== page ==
Rehospitalizations can be avoided, expert emphasizes
Commonly overlooked clinical indicators can lead to a nursing home resident being transferred, an expert advised Monday.
“We don't want to have hospitalizations that are avoidable,” said Lisa Hohlbein, RN, RAC-MT, CDP, CADDCT, a curriculum development specialist at AANAC. Her comments came, during a Monday session at the American Health Care Association and National Center for Assisted Living convention in San Antonio.
These indicators include decreased intakes, mood and behavior dismissed as dementia, a slight change in ADLs, decreased activity level due to pain, and changes in blood pressure, especially systolic, she said.
Examining these indicators can catch signs that may lead to sepsis, she added.
“Unless they are extremely immunocompromised, they don't flip a switch and go septic,” Hohlbein said.
The INTERACT process is a useful way to reduce hospitalizations, Hohlbein said, including using the Situation, Background, Assessment, Recommendation (SBAR) component. This includes a script for a nurse when calling the physician or nurse practitioner to discuss a resident's change in condition.
“Not everyone is comfortable calling the doctor,” Hohlbein noted. “This is an area where you can watch nurses grow."
Another component is medication reconciliation, and establishing which nursing home residents are receiving new medications. A third of residents who go to the hospital with a medication list have a discrepancy, Hohlbein said. When engaging hospitals, a Nursing Home Transfer Form and Capabilities List can reduce communications problems. For example, “If you don't take trachs, the hospital needs to know not to send you trachs,” she explained.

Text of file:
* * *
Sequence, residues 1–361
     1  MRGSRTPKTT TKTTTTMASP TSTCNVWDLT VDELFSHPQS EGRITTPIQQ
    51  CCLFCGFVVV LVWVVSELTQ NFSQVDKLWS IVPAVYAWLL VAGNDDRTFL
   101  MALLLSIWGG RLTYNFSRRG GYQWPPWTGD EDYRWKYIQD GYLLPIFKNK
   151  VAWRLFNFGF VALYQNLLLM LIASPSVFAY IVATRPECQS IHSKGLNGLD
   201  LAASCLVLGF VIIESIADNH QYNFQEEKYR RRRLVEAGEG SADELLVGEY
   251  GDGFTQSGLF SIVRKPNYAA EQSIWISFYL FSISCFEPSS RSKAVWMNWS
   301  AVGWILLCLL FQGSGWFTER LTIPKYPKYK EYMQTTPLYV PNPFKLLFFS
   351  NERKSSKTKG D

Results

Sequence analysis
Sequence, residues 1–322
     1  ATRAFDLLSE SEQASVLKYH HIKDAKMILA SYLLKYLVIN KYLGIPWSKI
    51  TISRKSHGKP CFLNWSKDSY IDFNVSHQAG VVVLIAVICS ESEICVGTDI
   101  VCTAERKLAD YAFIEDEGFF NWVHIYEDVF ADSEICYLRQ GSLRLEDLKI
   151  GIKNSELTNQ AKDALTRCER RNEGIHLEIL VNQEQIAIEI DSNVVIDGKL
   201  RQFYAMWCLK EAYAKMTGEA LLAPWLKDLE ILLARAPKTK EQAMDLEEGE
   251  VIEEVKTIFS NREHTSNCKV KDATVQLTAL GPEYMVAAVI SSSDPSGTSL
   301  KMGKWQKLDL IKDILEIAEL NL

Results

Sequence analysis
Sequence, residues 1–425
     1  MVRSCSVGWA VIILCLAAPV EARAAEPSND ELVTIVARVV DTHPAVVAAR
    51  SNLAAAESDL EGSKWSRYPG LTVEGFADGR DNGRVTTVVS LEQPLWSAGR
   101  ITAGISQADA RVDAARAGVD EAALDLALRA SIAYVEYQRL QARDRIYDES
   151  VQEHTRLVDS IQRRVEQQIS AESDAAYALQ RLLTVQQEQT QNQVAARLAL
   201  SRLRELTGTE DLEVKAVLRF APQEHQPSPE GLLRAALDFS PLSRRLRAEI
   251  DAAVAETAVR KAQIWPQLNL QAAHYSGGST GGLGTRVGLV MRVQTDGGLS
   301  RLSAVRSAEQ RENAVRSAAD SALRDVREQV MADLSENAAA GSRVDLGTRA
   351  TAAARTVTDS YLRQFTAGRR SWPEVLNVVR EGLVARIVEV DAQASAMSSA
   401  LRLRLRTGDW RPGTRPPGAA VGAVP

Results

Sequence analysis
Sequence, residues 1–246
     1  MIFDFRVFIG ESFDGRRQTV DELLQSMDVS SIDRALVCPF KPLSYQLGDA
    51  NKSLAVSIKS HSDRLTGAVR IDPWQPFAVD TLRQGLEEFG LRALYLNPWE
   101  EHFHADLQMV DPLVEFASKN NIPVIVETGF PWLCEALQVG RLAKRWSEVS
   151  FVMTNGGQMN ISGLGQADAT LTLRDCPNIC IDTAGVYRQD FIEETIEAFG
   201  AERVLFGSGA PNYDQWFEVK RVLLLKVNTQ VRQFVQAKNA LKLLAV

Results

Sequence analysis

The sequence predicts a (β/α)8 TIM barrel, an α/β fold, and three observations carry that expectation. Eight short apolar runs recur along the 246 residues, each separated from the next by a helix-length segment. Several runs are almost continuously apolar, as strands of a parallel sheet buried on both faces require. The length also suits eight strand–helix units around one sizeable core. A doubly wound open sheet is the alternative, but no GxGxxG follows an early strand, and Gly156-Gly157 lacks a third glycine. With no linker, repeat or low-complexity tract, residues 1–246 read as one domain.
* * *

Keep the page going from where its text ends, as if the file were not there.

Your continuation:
Data also can be studied to see population trends -- and can guide daily stand-up and weekly staff meetings, according to Janet Snipes, NHA, administrator at Holly Heights Nursing Center in Colorado, and Christine K. Boldt, Vice President, Operations at Benedictine Health System in Minnesota.
Leadership rounding is critical, but should not involve “going around with a clipboard and look like a state surveyor", Boldt said.
That “is going to look like a ‘gotcha process,'” she said. Instead, daily rounds can involve recognizing positive actions when an administrator sees it, and building the team.
“Engage staff through contests,” Snipes recommended, noting her facility passed out poker chips to supervisors who could hand them out when they saw good work. Employees could redeem the chips for prizes. Rewarding employees with a latte machine for a day and handing out lottery tickets, are other ideas.
Since certified nursing assistants' actions often influence reimbursement, they should be empowered and educated on why their roles matter, Snipes and Boldt said. Point-of-care documentation involves having CNAs chart as they go, rather than at the end of their shift. Point-of-care kiosks in the hallway and dining rooms are one way to make this possible.